“The Two Row Wampum belt signals the groups’ promise to live in peace, while pursuing parallel but separate paths of culture, belief, and law,” says Maracle, whose concept was realized with the help of Matt Fair, general manager of Research Casting Institute, whose team aided in design and fabrication of the space’s features. “The dark lines represent a ship and a canoe floating side-by-side on the river of life, and the three white rows symbolize friendship, good minds, and peace. Together, the Tékeni Teyohá:te Kahswéntha is considered the basis of all treaties by the Haudenosaunee people.”

A dedication ceremony was held on Oct. 21, 2022, to mark the official opening of the space. Guests joined Queen’s senior leaders and Office of Indigenous Initiatives staff for the occasion and were treated to special remarks on the space’s artistry and importance, traditional Indigenous foods, and a musical performance by Maracle.

Decolonizing and Indigenizing campus

Close-up of the Two Row Wampum belt design incorporated into the space's seating.
Close-up of the Two Row Wampum belt design incorporated into the space's seating.

The incorporation of an Indigenous gathering space into the newly-opened student residence building is one facet of the university’s wide-ranging effort to decolonize and Indigenize campus life.

“Put another way, this work seeks to deconstruct and reflect on the impacts of colonization to help both Indigenous and non-Indigenous members of the Queen’s community begin to understand where we came from and where we are going,” says Kanonhsyonne (Janice Hill), Associate Vice-Principal (Indigenous Initiatives and Reconciliation). “From there, we must elevate Indigenous voices, cultural practices, and ways of teaching and learning, so that they may take their rightful place among the plurality of knowledge that underpins a truly inclusive education.”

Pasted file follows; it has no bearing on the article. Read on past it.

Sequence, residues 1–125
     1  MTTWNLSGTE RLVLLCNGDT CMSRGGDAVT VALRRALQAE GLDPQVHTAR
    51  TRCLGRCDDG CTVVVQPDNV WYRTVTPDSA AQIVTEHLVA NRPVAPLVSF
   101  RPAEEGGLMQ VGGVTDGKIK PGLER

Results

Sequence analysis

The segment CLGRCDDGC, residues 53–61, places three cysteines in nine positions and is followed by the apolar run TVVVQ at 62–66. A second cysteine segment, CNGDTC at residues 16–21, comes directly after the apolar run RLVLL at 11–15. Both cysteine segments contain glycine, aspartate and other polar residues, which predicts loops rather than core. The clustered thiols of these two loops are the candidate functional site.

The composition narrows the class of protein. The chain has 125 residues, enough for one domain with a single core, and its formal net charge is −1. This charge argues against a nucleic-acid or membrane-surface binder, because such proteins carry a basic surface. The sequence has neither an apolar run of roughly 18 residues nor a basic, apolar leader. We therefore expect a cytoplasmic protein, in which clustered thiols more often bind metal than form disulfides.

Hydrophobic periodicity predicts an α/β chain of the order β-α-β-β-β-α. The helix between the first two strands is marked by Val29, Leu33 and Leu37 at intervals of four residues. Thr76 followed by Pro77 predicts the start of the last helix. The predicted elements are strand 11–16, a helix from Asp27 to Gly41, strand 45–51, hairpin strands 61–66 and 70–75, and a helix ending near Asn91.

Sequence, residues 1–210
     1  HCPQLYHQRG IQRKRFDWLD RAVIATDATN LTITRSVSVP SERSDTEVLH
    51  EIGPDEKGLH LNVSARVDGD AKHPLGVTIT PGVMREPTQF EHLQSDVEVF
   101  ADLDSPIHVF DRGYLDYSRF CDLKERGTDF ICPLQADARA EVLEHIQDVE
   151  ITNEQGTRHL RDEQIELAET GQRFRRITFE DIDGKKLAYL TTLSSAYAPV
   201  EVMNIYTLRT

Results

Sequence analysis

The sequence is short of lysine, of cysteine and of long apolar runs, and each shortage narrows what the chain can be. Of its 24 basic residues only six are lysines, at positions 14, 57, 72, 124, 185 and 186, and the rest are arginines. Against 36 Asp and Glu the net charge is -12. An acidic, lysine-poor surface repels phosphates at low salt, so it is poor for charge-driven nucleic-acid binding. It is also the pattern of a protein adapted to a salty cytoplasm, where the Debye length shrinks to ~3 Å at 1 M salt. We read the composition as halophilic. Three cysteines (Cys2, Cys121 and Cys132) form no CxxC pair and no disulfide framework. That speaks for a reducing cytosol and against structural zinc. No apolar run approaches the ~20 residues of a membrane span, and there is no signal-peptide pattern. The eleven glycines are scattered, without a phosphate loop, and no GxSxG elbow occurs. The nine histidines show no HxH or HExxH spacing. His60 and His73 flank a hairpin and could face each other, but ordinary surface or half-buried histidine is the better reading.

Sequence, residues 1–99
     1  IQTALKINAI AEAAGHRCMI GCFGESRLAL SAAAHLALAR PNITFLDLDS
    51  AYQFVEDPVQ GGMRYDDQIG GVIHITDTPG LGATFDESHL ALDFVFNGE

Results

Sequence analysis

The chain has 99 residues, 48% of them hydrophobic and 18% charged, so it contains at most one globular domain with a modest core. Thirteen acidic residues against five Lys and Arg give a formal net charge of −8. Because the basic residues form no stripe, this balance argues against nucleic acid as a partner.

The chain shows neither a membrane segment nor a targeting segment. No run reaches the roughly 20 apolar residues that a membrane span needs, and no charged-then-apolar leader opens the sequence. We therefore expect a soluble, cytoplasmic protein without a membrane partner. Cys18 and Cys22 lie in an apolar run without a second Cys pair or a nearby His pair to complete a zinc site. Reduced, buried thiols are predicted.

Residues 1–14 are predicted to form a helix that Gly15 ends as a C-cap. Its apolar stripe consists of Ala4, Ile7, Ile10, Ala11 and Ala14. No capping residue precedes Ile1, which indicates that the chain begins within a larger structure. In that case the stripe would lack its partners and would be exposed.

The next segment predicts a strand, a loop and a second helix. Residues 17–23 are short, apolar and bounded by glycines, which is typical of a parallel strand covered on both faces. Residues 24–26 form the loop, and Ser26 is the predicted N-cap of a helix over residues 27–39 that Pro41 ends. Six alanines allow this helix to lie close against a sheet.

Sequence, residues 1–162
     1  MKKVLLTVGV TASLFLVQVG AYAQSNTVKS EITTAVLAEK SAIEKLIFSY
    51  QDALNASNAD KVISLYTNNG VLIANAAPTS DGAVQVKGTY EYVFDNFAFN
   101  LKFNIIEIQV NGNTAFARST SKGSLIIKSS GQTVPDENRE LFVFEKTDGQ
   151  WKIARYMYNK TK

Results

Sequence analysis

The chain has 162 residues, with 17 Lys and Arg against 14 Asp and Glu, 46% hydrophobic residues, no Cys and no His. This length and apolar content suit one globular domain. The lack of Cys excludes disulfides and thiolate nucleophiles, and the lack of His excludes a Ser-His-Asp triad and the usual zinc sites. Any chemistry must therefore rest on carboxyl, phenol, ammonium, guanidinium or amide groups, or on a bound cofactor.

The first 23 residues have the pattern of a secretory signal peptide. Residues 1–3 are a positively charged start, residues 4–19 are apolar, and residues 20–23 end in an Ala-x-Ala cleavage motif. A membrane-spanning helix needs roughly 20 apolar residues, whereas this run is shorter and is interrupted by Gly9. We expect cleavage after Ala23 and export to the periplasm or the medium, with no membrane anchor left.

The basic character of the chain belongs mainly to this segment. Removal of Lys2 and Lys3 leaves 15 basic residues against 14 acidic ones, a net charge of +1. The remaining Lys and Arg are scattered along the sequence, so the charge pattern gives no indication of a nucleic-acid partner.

Indigenous spaces, art installations, and historical displays can be found across campus — many of which can be located on the interactive campus map. Creation of these and new spaces is part of ongoing work by the university to realize recommendations made by its Truth and Reconciliation Commission Task Force in its 2015 final report, Yakwanastahentéha Aankenjigemi (Extending the Rafters). One of the most notable spaces transformed through this work is the Four Directions Indigenous Student Centre (4D), which opened an expanded facility in 2018 — doubling its original size — to better welcome, serve, and engage the Queen’s growing number of Indigenous students.

The university continues to act on the Extending the Rafters report, which goes beyond physical spaces to include recommendations on improving Indigenous access to education, inclusive curriculum development, new and improved services and supports, and many others. Queen’s releases yearly progress reports highlighting this ongoing work.

Visit the Office of Indigenous Initiatives website to learn more about these initiatives and to learn more about truth and reconciliation, decolonization, and Indigenization efforts at Queen’s.